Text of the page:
Appears on: Achtung Baby (Island) 

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35

The Doors, ‘Light My Fire’

Writers: Robby Krieger, John Densmore, Jim Morrison, Ray Manzarek
Producer: Paul Rothchild
Released: June '67, Elektra
17 weeks; No. 1 

It was the first song Krieger ever wrote — with additional lyrics from Morrison and arrangements from the rest of the band. "It's like I'd saved up all [these ideas] in my mind and got them out all at once," Krieger said. The song catapulted the Doors to overnight fame, which Krieger says was part of Morrison's plan: "Jim had this idea of the band being a shooting star," Krieger said. "Fire" ran for seven minutes on the LP and was cut down to three, with Krieger's and keyboardist Manzarek's solos excised, on the single.

Appears on: The Doors (Elektra)

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34

The Righteous Brothers, ‘You’ve Lost That Lovin’ Feelin”

 Writers: Phil Spector, Barry Mann, Cynthia Weil
Producer: Spector
Released: Dec. '64, Philles
16 weeks; No. 1 

Spector was conducting the musicians for a Ronettes show in San Francisco when he decided to sign the Righteous Brothers, who were on the bill. He then asked Mann and Weil to come up with a hit for them. Bill Medley's intro sounds impossibly deep. "When Phil played it for me," Mann recalled, "I said, 'Phil, you have it on the wrong speed!'" Bobby Hatfield was puzzled by his partner's opening solo: "What do I do while he's singing the entire first verse?" he asked Spector, who answered, "You can go directly to the bank."

Appears on: Anthology 1962-1974 (Rhino)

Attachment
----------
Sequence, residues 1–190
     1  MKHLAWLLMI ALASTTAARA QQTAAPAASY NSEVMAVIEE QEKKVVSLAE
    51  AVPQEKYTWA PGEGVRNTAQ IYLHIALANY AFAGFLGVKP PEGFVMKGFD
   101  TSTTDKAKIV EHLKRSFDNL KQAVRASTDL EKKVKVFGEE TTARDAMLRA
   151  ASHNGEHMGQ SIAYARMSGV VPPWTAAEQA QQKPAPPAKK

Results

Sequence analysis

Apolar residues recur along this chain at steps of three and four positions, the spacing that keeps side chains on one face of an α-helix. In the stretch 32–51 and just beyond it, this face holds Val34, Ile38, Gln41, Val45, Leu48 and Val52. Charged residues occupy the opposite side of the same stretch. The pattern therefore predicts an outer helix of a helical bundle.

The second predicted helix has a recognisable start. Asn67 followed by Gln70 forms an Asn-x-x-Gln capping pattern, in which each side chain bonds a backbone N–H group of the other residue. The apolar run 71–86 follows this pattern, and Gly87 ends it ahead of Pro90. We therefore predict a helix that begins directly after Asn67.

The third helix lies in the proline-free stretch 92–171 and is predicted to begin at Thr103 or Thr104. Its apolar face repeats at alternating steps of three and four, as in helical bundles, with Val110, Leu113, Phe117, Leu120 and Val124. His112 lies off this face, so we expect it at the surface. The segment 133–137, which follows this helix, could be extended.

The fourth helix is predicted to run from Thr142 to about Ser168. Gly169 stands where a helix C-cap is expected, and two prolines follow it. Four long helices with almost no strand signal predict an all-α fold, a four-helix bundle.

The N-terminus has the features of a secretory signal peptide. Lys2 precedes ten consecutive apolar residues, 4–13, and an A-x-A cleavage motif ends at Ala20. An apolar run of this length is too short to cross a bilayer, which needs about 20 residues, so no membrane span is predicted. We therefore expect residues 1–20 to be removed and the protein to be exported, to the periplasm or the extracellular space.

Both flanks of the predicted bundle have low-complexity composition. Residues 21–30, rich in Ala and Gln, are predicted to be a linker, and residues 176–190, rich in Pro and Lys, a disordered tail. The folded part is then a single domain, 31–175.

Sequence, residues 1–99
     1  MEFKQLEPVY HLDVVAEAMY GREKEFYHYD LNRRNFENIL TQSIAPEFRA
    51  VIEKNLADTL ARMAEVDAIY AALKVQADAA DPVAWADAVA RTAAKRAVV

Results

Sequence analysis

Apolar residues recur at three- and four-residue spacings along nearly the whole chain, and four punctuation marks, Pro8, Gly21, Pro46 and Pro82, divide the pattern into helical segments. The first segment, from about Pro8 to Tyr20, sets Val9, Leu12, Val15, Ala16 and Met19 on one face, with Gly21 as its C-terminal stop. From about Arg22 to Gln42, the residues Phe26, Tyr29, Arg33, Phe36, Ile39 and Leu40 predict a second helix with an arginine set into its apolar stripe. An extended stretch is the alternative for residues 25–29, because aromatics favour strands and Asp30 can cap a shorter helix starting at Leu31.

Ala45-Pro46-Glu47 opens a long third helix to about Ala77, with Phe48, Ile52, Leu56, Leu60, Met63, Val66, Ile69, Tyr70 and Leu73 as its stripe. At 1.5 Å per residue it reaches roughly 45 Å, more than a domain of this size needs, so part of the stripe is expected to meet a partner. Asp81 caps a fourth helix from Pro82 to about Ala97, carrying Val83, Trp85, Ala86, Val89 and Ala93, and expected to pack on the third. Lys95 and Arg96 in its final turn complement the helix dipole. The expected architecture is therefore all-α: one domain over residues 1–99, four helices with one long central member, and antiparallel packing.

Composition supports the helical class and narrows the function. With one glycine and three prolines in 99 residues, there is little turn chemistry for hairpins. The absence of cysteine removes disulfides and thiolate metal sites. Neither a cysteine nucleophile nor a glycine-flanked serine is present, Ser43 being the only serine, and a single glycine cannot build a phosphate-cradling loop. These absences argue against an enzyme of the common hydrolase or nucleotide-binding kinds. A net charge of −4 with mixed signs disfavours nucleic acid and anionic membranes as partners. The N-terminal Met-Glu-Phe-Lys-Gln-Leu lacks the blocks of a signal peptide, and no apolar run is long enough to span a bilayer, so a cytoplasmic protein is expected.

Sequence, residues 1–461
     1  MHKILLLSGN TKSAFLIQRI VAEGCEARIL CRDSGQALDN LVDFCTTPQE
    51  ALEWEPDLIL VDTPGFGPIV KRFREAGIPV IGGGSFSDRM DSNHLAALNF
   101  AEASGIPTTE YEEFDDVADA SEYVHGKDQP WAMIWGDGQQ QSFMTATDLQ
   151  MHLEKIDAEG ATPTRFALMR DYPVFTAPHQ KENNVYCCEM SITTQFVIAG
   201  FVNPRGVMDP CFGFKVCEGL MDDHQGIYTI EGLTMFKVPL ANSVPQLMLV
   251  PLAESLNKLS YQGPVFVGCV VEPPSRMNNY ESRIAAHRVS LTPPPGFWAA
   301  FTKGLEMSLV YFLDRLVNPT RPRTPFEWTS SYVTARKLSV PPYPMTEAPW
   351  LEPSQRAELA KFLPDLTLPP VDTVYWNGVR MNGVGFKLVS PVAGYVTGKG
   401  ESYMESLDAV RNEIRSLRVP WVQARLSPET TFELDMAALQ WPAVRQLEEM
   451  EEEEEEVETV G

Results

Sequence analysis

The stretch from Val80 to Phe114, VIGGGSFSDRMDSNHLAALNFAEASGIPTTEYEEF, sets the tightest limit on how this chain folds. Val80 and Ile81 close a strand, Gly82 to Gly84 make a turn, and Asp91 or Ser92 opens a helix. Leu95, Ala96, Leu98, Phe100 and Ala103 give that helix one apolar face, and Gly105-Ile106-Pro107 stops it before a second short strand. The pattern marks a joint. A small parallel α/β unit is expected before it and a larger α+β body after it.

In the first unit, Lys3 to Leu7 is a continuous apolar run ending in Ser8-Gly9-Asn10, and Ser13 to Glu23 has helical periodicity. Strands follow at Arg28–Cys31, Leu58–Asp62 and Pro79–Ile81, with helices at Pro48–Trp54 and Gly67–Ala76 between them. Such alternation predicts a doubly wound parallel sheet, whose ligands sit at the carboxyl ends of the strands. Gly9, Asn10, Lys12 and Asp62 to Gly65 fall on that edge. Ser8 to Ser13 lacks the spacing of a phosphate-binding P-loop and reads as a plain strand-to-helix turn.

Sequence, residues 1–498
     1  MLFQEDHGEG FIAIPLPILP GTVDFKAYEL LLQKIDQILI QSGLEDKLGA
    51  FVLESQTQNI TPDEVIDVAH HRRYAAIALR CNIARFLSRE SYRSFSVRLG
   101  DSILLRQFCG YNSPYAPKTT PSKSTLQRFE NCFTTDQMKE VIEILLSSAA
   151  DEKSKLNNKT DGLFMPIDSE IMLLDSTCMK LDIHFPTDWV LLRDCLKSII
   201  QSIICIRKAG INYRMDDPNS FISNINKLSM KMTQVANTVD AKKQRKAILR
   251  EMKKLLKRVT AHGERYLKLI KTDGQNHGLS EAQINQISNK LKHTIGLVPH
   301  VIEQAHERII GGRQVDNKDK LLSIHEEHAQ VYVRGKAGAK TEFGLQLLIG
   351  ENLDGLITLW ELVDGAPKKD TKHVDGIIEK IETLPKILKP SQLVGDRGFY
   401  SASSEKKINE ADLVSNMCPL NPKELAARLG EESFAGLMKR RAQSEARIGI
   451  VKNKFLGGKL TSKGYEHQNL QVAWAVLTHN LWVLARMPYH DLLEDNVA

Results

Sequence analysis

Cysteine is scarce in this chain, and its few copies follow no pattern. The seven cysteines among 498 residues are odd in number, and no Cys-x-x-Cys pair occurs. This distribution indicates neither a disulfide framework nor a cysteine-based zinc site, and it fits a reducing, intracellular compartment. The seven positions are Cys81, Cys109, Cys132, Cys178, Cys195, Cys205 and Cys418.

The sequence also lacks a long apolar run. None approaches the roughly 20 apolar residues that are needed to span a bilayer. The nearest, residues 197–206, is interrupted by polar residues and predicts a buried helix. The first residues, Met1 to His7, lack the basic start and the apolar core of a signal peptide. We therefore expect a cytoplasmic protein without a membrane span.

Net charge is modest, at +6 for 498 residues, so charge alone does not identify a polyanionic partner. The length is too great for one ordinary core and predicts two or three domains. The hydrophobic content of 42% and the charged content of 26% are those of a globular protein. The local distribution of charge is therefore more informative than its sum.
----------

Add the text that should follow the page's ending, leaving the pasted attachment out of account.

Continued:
The Righteous Brothers Photos

33

Ike and Tina Turner, ‘River Deep – Mountain High’

Writers: Phil Spector, Jeff Barry, Ellie Greenwich
Producer: Spector
Released: May '66, Philles
4 weeks; No. 88 

Spector heard the Ike and Tina Turner Revue at a Hollywood club at a time when their recording career had stalled after a handful of R&B hits in the early 1960s. Spector had a song called "River Deep — Mountain High" that he was sure was going to be huge, and he wanted Tina to sing it, though he forbade Ike from even coming to the sessions. "I must have sung that 500,000 times," Tina later said. "I was drenched with sweat. I had to take my shirt off and stand there in my bra to sing."

Appears on: Proud Mary: The Best of Ike and Tina Turner (EMI)

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32

The Rolling Stones, ‘Sympathy for the Devil’

Writers: Mick Jagger, Keith Richards
Producer: Jimmy Miller
Released: Dec. '68, London
Non-single

The inspiration for this hellish detour came from Soviet writer Mikhail Bulgakov's novel The Master and Margarita, which depicts Satan having his way in 1930s Moscow. Richards struggled to find the right backing for Jagger's menacing Dylan-esque lyrics, unsure "whether it should be a samba or a goddamn folk song," he recalled. The Stones ended up giving the devil one of their best grooves, built on Rocky Dijon's congas and Bill Wyman's Bo Diddley-ish maracas. "Before, when we were just innocent kids out for a good time [the media said], 'They're evil, they're evil,'" Richards said. "So that makes you start thinking about evil. . . . Everybody's Lucifer."

Appears on: Beggar's Banquet (ABKCO) 

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Photos: The Rolling Stones Live, 1964-2007